I was also amazed to learn that Heterochromia is not a native trait to wolves, the cover animal for beautiful multicolored eyes. The classic icy blue and mysterious brown! And that the only way possible for wolves to get the classic ice blue eye is when they have a genetic defect, such as a cataract. 

Heterochromia is an interesting condition which definitely sparked my curiosity. If you’d like to research more, check out these links:

The Killer Tomato

It’s hard to imagine an omelet without tomatoes or a burger without ketchup. It seems obvious that with ketchup being a popular condiment, that tomatoes must’ve been a stable for centuries. However, fairly recently has the tomato made its appearance into our diets. In Europe, following the late Middle Ages, tomatoes were considered deadly and were associated with witchcraft. Even in the late 1700s, the majority of Europeans feared the tomato, thinking it was poisonous. 

PHOTO BY | Michael R. Shaughnessy

The tomato is not poisonous, but after many European aristocrats died after eating them, the tomato acquired the nickname “Poison Apple”. Reality was that aristocrats weren’t dying due to tomatoes, but rather due to their utensils of choice. The wealthy used pewter plates, which contained high amounts of lead. Tomatoes have a relatively high acidity, (approximately 3.5- 4.8), therefore when placed on pewter plates, the fruit would leech lead, from the plate, causing lead poisoning. Unable to splurge on trendy items, the lower classes used wooden plates, and were less susceptible to poisoning than the wealthy.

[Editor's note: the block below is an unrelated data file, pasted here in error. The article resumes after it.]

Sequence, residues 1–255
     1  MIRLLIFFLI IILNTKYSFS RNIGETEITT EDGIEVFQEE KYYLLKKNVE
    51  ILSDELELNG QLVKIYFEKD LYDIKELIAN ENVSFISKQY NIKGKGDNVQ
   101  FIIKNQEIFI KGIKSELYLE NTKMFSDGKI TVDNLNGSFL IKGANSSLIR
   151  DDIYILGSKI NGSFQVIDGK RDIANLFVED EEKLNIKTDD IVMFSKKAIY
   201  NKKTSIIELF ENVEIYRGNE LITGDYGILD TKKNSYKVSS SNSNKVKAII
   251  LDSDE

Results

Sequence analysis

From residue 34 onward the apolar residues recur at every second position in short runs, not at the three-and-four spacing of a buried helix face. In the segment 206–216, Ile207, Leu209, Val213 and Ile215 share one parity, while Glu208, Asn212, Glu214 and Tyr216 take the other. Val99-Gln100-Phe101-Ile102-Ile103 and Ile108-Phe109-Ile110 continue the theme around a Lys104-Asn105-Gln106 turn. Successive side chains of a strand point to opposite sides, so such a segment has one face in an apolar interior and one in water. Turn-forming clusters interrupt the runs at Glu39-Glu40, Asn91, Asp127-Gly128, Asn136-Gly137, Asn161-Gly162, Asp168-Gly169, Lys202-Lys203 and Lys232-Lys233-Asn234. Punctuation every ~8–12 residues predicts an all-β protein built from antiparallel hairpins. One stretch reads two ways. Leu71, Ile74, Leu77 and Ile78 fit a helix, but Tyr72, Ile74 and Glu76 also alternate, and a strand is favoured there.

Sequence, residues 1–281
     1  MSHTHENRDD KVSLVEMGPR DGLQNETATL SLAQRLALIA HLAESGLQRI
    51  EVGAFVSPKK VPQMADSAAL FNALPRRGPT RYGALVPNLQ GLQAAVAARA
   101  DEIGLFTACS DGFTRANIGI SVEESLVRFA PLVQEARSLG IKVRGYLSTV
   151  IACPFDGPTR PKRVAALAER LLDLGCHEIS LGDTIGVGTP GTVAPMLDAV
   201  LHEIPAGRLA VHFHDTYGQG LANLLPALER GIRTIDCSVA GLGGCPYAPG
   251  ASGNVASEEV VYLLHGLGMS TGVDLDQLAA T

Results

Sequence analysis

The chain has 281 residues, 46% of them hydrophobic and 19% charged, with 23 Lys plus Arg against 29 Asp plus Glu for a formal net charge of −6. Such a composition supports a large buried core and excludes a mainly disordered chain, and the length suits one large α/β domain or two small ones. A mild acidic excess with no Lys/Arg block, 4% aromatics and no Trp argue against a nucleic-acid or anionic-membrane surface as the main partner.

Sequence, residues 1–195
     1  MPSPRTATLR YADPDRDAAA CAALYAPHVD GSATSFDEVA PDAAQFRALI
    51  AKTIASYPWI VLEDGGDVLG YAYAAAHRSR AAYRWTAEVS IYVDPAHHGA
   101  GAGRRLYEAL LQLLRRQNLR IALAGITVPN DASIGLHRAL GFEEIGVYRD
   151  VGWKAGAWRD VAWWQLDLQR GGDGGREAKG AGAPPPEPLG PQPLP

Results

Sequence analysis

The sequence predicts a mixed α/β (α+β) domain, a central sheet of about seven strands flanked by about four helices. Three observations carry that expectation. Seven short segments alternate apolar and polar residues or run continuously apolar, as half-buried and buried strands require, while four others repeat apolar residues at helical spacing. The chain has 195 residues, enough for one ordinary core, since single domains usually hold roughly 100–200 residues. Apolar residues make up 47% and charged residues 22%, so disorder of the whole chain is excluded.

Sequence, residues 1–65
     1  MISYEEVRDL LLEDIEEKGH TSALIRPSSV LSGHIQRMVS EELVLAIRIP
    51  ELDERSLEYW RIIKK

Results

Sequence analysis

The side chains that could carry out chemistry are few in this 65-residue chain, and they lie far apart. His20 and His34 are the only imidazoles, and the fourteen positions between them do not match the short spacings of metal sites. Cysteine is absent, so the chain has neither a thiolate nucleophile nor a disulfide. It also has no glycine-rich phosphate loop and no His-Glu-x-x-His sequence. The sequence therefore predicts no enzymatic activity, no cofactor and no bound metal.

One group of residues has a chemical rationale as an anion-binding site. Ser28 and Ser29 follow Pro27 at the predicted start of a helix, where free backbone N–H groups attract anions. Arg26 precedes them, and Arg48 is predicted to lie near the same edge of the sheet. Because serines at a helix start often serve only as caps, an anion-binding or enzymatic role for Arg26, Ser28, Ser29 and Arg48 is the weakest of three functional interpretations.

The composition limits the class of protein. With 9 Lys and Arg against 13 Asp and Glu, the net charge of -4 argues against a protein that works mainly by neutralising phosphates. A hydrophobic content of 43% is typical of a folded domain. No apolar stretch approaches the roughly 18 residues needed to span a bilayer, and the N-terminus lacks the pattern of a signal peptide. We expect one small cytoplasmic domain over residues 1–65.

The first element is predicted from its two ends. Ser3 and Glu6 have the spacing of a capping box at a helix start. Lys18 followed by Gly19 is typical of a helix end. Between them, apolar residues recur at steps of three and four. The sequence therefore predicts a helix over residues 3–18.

At that time, no speculations were made about the content of the plates, and the tomatoes were deemed so poisonous that even a small bite could bring about catastrophe.

Even before the led poisonings, the tomato was infamous in Europe. It was considered a part of the family of poisonous Solanaceae plants which consist of high amounts of toxins, called tropane alkaloids. The tomato was referred to as a “deadly nightshade”, and associated with the family.

Solanaceae Family

While many believe the conjecture about pewter plates, Atlas Obscura points out flaws in the story. He claims that pewter plates weren’t common enough, tomatoes aren’t acidic enough, and lead poisoning gathers too slowly to lead to a poisoning in a singular meal. Atlas Obscura also brings forth theories that the unsatisfactory image resulted from its correlation with witchcraft.

Around this time period in Europe, (14-17th centuries), witchcraft was the primary subject of discussion. Through the centuries, thousands of people were killed or excommunicated under mere suspicion. Stories circulated about creations of witches brews, poisons, and their “flying ointments”. A common myth was that witches put this ointment on their broomsticks. These ointments consisted of mandrake, nightshade, and hemlock. With two of these ingredients having close correspondence with tomatoes, people began associating the tomato with witches.

This stigma around tomatoes persisted for centuries, but with the surface of science and technology, the fear of witchcraft started to fade. While many European kingdoms denounced tomatoes, civilizations in South America continued to consume them. Around the 1850s tomatoes began to infiltrate markets and became a stable.

And finally with the invention of Pizza in Naples, the tomato made its way into the common diet and its mysterious past was forgotten.